The mistaken impression about Bob Dandridge's refusal to report to the Bullet's training camp is that he would be especially useful by being there. If Dandridge is not the cosummate professional, he is close. He frustrates purists by avoiding practice and often seems uninspired during games. But with something like the NBA championship on the line, there are few who play to his level.

This strike by Dandridge seems designed to remind everyone how the Bullets became champions last season, to force management - publicly and with its pocketbook - to admit that he is at least as vital as Elvin Hayes and Wes Unseld.

How long the impasse remains will offer clues about the Bullet's long-range future. A tough stance by owner Abe Pollin will be a subtle message to the other players - and Hayes, Kevin Grevey and Tom Henderson are in the final year of their Bullet contracts.

Bullet customers can only regard this as wonderful news. Already, there are eager and seemingly talented young players anxious to hustle during their brief appearances. Now ther is incentive for the entire team not to coast during those large portions of the season everyone knows are meaningless.

Hayes long has been on the record as saying athletes, himself included, are overpaid. Yesterday, he said of free agency: "I don't buy it, but if a guy can get it, if an owner is willing to pay it . . ."

He paused, ten said: "There are only to places I'd like to play - here and Houston. I know the guys there (Calvin Murphy and Rudy (Tomjanovich), 'cause we came into the league together.

"But going somewhere just for the money doesn't mean that much to me. I like it here, and Abe's always been fair. But nobody has said anything about an extension or anything."

Hayes said Dandridge "wants to do right by himself and his family" and then volunteered: "last year, Abe lived up to every obligation of his part of the contract, every pay day.

"No one wants to be forced to do anything. I hope he (Dandirdge) doesn't put Abe in that situation.I don't think he'll go for that. What they probably should do is get the attorneys out of this, set up a meeting and put air between them."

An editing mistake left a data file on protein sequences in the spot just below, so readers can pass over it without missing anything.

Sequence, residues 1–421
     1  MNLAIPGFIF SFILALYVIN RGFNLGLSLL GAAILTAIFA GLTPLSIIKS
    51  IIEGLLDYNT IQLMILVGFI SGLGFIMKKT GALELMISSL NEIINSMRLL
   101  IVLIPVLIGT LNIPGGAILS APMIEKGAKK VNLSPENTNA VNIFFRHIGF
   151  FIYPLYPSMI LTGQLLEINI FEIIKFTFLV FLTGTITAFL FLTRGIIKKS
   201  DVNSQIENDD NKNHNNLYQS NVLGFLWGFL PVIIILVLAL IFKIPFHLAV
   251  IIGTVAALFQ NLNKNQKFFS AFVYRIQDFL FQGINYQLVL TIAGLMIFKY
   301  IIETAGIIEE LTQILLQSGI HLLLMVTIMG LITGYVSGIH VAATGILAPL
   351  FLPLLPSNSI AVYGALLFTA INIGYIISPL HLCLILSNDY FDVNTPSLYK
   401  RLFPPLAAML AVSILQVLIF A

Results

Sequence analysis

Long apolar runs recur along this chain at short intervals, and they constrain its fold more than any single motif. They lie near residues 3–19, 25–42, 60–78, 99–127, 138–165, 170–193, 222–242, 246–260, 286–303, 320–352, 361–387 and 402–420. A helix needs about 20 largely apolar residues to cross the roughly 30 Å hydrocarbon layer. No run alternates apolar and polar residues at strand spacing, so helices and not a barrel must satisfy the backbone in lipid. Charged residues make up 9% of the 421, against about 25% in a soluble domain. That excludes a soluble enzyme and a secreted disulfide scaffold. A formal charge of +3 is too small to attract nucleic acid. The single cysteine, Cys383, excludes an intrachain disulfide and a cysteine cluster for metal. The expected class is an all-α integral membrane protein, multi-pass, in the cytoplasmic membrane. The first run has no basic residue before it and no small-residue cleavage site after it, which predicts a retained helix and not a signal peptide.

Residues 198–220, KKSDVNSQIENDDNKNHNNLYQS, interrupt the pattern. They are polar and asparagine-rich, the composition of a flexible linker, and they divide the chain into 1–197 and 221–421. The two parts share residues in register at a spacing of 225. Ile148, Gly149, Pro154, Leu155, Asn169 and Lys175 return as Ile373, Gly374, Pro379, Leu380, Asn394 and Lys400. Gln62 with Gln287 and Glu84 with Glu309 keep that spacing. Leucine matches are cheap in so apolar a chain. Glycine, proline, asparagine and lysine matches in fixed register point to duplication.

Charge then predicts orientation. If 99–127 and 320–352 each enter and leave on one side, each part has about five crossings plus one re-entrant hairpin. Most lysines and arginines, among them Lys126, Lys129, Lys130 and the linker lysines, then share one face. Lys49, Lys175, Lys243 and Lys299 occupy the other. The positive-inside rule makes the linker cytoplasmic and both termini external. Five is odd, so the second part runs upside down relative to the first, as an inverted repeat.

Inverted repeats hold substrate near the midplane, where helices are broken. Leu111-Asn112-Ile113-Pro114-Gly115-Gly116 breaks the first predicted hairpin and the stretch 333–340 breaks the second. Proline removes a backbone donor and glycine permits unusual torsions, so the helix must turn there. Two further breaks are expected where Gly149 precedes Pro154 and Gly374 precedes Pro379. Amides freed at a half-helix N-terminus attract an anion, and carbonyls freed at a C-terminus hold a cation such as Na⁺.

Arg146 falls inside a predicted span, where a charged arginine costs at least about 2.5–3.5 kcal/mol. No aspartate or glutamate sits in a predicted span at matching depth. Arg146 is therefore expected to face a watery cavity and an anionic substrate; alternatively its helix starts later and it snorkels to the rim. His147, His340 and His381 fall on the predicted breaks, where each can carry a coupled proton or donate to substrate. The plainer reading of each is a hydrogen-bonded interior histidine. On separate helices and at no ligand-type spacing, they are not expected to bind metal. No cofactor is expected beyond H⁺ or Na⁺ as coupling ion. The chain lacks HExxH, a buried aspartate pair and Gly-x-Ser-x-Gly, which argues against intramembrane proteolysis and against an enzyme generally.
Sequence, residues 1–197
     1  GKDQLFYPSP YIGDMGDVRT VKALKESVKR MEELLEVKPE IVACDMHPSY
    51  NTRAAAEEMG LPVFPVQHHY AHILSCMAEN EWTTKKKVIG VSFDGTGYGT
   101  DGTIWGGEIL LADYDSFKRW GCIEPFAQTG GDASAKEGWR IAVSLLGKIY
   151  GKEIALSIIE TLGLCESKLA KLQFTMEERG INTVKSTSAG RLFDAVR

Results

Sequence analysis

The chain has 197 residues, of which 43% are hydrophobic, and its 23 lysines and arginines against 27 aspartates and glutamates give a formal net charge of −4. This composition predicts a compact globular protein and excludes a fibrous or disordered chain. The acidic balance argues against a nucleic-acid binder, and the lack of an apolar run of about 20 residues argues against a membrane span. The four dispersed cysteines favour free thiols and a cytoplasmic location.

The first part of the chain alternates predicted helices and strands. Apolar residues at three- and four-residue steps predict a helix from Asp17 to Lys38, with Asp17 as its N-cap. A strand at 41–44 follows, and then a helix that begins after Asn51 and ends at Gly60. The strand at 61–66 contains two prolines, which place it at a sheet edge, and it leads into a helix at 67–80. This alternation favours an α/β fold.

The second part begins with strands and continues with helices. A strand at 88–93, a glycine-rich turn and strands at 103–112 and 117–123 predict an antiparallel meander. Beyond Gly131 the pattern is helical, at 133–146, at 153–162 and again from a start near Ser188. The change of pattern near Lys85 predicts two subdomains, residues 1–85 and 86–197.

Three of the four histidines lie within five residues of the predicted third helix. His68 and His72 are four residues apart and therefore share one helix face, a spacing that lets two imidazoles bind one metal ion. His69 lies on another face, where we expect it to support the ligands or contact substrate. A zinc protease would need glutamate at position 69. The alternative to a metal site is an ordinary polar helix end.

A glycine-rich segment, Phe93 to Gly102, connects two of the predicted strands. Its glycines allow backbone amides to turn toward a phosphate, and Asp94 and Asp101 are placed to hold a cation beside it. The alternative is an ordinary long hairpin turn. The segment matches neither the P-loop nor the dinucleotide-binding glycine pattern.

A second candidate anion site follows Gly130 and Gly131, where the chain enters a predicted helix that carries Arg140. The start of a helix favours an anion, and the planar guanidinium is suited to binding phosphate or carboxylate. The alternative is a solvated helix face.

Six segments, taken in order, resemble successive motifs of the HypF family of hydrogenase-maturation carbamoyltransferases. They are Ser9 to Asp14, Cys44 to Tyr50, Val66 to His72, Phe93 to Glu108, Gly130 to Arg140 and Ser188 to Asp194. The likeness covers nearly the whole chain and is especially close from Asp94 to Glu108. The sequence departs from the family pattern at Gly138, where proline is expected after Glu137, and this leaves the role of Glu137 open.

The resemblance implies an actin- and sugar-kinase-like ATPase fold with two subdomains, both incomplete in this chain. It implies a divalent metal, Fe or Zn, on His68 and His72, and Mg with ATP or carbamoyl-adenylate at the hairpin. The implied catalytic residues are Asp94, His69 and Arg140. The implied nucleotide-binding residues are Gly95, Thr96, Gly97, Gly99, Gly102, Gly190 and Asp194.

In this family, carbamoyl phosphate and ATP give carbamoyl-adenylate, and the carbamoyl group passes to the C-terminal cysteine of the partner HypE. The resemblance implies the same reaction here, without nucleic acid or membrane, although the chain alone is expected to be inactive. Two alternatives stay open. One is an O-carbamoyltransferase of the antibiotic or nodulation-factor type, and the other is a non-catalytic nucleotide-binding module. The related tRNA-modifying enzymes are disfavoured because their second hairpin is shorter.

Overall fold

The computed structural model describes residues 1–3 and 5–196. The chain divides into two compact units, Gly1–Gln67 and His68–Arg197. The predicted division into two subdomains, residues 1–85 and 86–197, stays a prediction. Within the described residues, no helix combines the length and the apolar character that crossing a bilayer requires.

If yesterday's morning workout was an indication of his mental and physical state, Hayes will a tiger this season. He was remarkably fit and aggressive, and once whipped a length-of-the-court outlet pass to Unseld for a layup during a scrimmage.

"We've got a great chance to repeat," he said. "We had too good a season to spoil it in any way." (This was in response to a rumor that had Hayes joining Dandridge as a holdout.)

Grevey spoke of the risks of free-agentry, for a player as well as management, and then insisted that no year the rest of his career could be as important as the last one.

"I finally got the chance and the confidence I needed and never had," he said. "Nobody had given me a chance until last year - and even that might not have happened if Phil (Chenier) hadn't been hurt.

"I made my own breaks. I went out and did it. Now I want to build on that good year, try to improve every day. If I play the best I know how, I'll be compensated. But to say I've got to do it this year is just putting pressure on me I don't need."

Dandridge puts pressure on himself with a philosophy that seems to say, "Whatever is necessary, I'll do. But no more." If much of the season means little - and the Bullets had the eight-best NBA cord and still won the world title in the playoffs, why give a lick about training camp and the exhibition games?

And if the NBA regarded training camp as more than helpful exercise for anyone beyond marginal talents, its fine for a player refusing to report would be more than $100 per day. That would get an ordinary human back to work within the hour, but it amounts to tip money for a Dandridge.

Part of what irritates Dandridge might well be as simple as the ad that ran in Tuesday's paper, the one hyping that "sensational NBA double-header" Oct. 4 at Capital Centre. The Knicks play the Nets and the Bullets play the 76ers.

"SUPERSTARS Dr. J. earl Monroe, Elvin Hayes, Marvin Webster, Bob McAdoo, Kevin Porter, Mitch Kupchak, Wes Unseld, and many others," the ad screams. Dandridge was the major reason the Bullets upset the 76ers in the playoffs. He is beyond "many others" status.

Just as Coach Dick Motta has a finite number of minutes to distribute during a game, owner Pollin has a certain number of dollars to spread among the players. Dandridge has a contract with two years remianing - and the sort of leverage he may never have again in his career.

There is a feeling here that Bulletmania has not infected the area as deeply as management had hoped. The Dandridge full will not help. And around the league, Bill Walton is feuding with Portland, George Gervin wants out of San Antonio and Truck Robinson is angry in New Orleans.

In the NBA, nobody lingers in Camelot.